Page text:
underlying the quest for unity

A Century of Catholic-Orthodox Relations

by John Long, S.J.

In the spring of 1962, while a graduate student, I visited Mount Athos, the famous monastic mountain in Greece. Though kindly received by the Orthodox monks, I was shown a painting depicting the Byzantine Emperor Michael Paleologus and a Roman pontiff presiding over the execution of a group of Orthodox monks who had refused to accept the “union” of the Greek and Roman churches proclaimed at the Second Council of Lyon in 1274.

That incident never occurred. But it was a sign of the historical memory of real or fanciful grievances that have colored Catholic and Orthodox relations for centuries.

In 1956, a priest from Fordham University took a group of undergraduate students to an Orthodox church. The Orthodox priest welcomed the group graciously and explained the arrangement and appearance of the church. Pointing to the iconostasis (a screen of icons dividing the sanctuary from the nave of a church) he told them that the eucharistic sacrament for the sick was kept behind it. After leaving the church a student asked the Catholic priest whether the Orthodox had the Eucharist as did Catholics. When the priest said yes, the student rejoined, “I didn’t notice you making any sign of reverence. Is Christ really present?” “Yes,” said the Catholic priest, “but he doesn’t want to be.”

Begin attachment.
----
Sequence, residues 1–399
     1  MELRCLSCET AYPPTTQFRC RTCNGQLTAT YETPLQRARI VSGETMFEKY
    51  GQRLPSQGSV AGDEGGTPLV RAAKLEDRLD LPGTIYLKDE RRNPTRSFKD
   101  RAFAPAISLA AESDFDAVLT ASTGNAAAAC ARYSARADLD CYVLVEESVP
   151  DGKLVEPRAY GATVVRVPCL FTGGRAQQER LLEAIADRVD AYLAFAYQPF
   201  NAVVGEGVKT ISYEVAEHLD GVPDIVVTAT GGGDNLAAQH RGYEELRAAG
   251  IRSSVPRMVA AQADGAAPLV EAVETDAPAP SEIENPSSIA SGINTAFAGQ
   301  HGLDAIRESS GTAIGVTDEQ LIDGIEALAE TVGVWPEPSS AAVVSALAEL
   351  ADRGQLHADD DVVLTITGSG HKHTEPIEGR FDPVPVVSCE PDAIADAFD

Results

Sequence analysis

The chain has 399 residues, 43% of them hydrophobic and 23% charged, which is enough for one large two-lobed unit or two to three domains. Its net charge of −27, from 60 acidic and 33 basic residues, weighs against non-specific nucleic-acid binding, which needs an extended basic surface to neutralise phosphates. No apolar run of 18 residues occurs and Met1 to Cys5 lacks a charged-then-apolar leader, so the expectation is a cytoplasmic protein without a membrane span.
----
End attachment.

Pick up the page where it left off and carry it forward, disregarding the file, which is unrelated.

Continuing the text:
Since the earliest days of the church, followers of Jesus Christ have been divided as to how to interpret and practice his teachings.

Long before the Protestant Reformation divided the Christian West in the 16th century, no less than six movements – described often as economic, linguistic, philosophical, political or theological – divided the early church, principally the Christian East. In just four decades, we have traveled far from when these stories were the norm. Little divides us today, however, except for the custom of being divided.

But lately there have been a fair number of statements about an “ecumenical winter” and the “faltering dialogue” between the churches of the Christian East and the Christian West. As we move into this new millennium, we need to reflect on our past and trace the considerable advances made thus far in our search for reconciliation and the restoration of full communion.

The first half of the 20th century. The lack of ecclesial communion between the various Catholic and Orthodox traditions is the result of a centuries-old growth of estrangement tempered, and at times exacerbated, by efforts to re-establish full communion.

For centuries, Eastern and Western Christians had been able to maintain fundamental ecclesial communion despite diversities. But estrangement moved into separation as each tradition insisted more and more on its vision of God’s revelation in his Son and the Church as the only correct vision. Re-establishing full communion, therefore, meant a “return” of one community to the other. Attempts at global union were a failure as clergy and laity in both communities did not recognize the legitimacy of diversity in unity or the possibility that, fundamentally, communion among churches already existed.

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Tags: Christianity Eastern Christianity Orthodox Church